Can you complete this jigsaw of the multiplication square?

In your bank, you have three types of coins. The number of spots shows how much they are worth. Can you choose coins to exchange with the groups given to make the same total?

Can you make a train the same length as Laura's but using three differently coloured rods? Is there only one way of doing it?

Use the interactivities to fill in these Carroll diagrams. How do you know where to place the numbers?

How have the numbers been placed in this Carroll diagram? Which labels would you put on each row and column?

Arrange the four number cards on the grid, according to the rules, to make a diagonal, vertical or horizontal line.

This problem is based on a code using two different prime numbers less than 10. You'll need to multiply them together and shift the alphabet forwards by the result. Can you decipher the code?

How many trains can you make which are the same length as Matt's, using rods that are identical?

This was a problem for our birthday website. Can you use four of these pieces to form a square? How about making a square with all five pieces?

Have a go at this well-known challenge. Can you swap the frogs and toads in as few slides and jumps as possible?

Can you work out how to balance this equaliser? You can put more than one weight on a hook.

Ben and his mum are planting garlic. Use the interactivity to help you find out how many cloves of garlic they might have had.

There are three versions of this challenge. The idea is to change the colour of all the spots on the grid. Can you do it in fewer throws of the dice?

Investigate the smallest number of moves it takes to turn these mats upside-down if you can only turn exactly three at a time.

You'll need two dice to play this game against a partner. Will Incey Wincey make it to the top of the drain pipe or the bottom of the drain pipe first?

Can you use the numbers on the dice to reach your end of the number line before your partner beats you?

This 100 square jigsaw is written in code. It starts with 1 and ends with 100. Can you build it up?

Can you hang weights in the right place to make the equaliser balance?

Starting with the number 180, take away 9 again and again, joining up the dots as you go. Watch out - don't join all the dots!

What do the numbers shaded in blue on this hundred square have in common? What do you notice about the pink numbers? How about the shaded numbers in the other squares?

Our 2008 Advent Calendar has a 'Making Maths' activity for every day in the run-up to Christmas.

Can you put the numbers from 1 to 15 on the circles so that no consecutive numbers lie anywhere along a continuous straight line?

Can you put the numbers 1 to 8 into the circles so that the four calculations are correct?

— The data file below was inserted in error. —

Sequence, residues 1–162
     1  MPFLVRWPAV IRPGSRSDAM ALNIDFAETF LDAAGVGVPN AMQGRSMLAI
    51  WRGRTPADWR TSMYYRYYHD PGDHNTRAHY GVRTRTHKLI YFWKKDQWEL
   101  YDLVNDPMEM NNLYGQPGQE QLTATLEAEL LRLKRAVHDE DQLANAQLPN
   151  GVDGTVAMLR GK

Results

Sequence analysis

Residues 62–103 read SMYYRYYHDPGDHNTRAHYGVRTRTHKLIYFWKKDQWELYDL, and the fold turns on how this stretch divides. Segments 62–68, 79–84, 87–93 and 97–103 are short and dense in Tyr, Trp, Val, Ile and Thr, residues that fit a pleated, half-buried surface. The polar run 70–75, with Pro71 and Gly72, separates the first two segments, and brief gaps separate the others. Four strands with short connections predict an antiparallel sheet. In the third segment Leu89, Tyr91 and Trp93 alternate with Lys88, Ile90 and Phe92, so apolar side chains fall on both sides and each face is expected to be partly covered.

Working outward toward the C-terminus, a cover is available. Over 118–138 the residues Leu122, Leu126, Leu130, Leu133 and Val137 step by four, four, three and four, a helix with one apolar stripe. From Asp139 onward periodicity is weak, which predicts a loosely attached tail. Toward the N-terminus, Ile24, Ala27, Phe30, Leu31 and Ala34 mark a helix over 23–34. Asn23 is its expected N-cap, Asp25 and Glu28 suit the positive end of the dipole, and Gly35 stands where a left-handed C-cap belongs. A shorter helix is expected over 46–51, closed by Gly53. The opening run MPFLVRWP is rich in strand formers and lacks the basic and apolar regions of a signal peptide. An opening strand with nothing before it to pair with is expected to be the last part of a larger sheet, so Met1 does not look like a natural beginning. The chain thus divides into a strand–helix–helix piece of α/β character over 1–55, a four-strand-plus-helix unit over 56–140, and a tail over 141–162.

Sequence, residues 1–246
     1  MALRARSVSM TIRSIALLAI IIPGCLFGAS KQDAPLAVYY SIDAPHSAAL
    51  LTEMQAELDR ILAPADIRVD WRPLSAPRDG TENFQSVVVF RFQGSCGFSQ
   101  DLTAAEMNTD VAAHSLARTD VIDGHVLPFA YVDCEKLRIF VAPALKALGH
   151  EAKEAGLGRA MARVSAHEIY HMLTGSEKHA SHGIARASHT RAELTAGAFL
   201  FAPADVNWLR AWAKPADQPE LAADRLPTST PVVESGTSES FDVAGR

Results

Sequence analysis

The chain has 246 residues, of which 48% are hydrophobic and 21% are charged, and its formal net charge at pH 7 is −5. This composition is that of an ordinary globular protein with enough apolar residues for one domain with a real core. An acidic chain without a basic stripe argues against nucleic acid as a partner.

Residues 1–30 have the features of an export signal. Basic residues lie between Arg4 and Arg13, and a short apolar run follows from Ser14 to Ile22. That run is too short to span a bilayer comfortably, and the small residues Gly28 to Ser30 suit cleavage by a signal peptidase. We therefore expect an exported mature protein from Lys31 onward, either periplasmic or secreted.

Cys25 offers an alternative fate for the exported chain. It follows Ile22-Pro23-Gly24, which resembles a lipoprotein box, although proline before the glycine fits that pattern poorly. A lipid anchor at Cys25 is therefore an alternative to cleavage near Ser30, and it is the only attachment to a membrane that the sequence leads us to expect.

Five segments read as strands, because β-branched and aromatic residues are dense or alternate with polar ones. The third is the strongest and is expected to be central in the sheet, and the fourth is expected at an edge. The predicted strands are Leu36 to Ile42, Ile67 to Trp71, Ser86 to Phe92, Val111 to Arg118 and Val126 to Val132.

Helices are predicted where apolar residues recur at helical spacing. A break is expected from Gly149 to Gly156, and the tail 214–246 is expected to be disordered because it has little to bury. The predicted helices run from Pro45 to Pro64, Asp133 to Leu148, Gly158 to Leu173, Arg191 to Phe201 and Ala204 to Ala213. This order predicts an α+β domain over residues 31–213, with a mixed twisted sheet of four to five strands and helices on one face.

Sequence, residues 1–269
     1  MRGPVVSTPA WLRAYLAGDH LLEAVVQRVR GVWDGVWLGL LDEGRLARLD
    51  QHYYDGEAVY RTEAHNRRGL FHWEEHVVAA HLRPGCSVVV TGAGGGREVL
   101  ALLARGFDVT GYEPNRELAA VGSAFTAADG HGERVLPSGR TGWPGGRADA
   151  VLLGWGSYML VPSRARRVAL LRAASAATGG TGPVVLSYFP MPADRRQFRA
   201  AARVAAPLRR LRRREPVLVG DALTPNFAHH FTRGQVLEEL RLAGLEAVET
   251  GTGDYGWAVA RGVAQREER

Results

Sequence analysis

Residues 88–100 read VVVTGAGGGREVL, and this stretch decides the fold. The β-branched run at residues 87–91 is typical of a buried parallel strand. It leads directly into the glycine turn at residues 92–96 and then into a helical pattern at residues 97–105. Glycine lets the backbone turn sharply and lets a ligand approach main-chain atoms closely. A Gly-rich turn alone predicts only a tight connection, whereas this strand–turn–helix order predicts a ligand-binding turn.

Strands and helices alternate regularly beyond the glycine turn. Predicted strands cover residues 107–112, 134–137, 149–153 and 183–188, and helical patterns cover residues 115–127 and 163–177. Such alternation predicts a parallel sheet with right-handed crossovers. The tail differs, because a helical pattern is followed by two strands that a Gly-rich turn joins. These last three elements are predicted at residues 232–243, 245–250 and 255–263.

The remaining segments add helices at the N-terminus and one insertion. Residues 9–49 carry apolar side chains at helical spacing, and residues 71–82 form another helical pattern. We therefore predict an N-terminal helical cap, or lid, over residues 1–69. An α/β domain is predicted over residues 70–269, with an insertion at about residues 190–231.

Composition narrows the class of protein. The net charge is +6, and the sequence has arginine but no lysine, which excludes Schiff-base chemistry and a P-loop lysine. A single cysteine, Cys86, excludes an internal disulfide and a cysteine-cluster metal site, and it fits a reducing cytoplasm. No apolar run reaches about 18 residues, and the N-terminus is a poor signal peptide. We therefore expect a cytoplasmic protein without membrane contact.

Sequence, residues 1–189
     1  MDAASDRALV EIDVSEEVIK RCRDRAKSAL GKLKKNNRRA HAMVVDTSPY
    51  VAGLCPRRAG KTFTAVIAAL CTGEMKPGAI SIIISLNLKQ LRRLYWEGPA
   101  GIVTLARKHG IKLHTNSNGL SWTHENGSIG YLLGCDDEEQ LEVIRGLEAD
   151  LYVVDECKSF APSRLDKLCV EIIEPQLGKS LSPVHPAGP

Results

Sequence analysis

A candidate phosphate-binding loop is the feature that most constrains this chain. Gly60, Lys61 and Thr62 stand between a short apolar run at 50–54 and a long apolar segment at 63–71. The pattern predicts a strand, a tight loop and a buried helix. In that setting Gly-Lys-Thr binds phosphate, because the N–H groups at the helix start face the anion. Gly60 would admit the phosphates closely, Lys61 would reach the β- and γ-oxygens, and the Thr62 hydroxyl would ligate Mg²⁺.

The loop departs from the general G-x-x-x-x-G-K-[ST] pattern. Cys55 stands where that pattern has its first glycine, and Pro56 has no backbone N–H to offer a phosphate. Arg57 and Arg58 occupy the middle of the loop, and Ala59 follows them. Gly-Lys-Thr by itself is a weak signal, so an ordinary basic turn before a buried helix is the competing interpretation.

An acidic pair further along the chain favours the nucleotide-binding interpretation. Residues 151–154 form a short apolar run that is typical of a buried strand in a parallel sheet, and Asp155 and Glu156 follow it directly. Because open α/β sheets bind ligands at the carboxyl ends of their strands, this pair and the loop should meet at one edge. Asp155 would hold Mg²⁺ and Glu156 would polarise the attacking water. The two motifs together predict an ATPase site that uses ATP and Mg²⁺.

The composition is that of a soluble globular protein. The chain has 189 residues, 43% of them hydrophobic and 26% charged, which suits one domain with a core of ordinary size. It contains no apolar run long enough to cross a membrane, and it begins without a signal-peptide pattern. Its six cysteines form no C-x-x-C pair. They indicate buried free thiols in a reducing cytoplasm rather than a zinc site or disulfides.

Use the number weights to find different ways of balancing the equaliser.

Place the numbers 1 to 6 in the circles so that each number is the difference between the two numbers just below it.

Place six toy ladybirds into the box so that there are two ladybirds in every column and every row.

Place the numbers 1 to 10 in the circles so that each number is the difference between the two numbers just below it.

NRICH December 2006 advent calendar - a new tangram for each day in the run-up to Christmas.

If you have only four weights, where could you place them in order to balance this equaliser?

If you hang two weights on one side of this balance, in how many different ways can you hang three weights on the other side for it to be balanced?

Hover your mouse over the counters to see which ones will be removed. Click to remover them. The winner is the last one to remove a counter. How you can make sure you win?

Choose four of the numbers from 1 to 9 to put in the squares so that the differences between joined squares are odd.

Can you find all the different triangles on these peg boards, and find their angles?

How many different triangles can you make on a circular pegboard that has nine pegs?

Start by putting one million (1 000 000) into the display of your calculator. Can you reduce this to 7 using just the 7 key and add, subtract, multiply, divide and equals as many times as you like?

Investigate which numbers make these lights come on. What is the smallest number you can find that lights up all the lights?

Take it in turns to place a domino on the grid. One to be placed horizontally and the other vertically. Can you make it impossible for your opponent to play?

Use the interactivity to find out how many quarter turns the man must rotate through to look like each of the pictures.

Choose 13 spots on the grid. Can you work out the scoring system? What is the maximum possible score?

Use the interactivity to find all the different right-angled triangles you can make by just moving one corner of the starting triangle.

Place the numbers from 1 to 9 in the squares below so that the difference between joined squares is odd. How many different ways can you do this?

This article gives you a few ideas for understanding the Got It! game and how you might find a winning strategy.

There are nine teddies in Teddy Town - three red, three blue and three yellow. There are also nine houses, three of each colour. Can you put them on the map of Teddy Town according to the rules?

What are the coordinates of the coloured dots that mark out the tangram? Try changing the position of the origin. What happens to the coordinates now?

Can you put the 25 coloured tiles into the 5 x 5 square so that no column, no row and no diagonal line have tiles of the same colour in them?

Use your mouse to move the red and green parts of this disc. Can you make images which show the turnings described?

Use the information about Sally and her brother to find out how many children there are in the Brown family.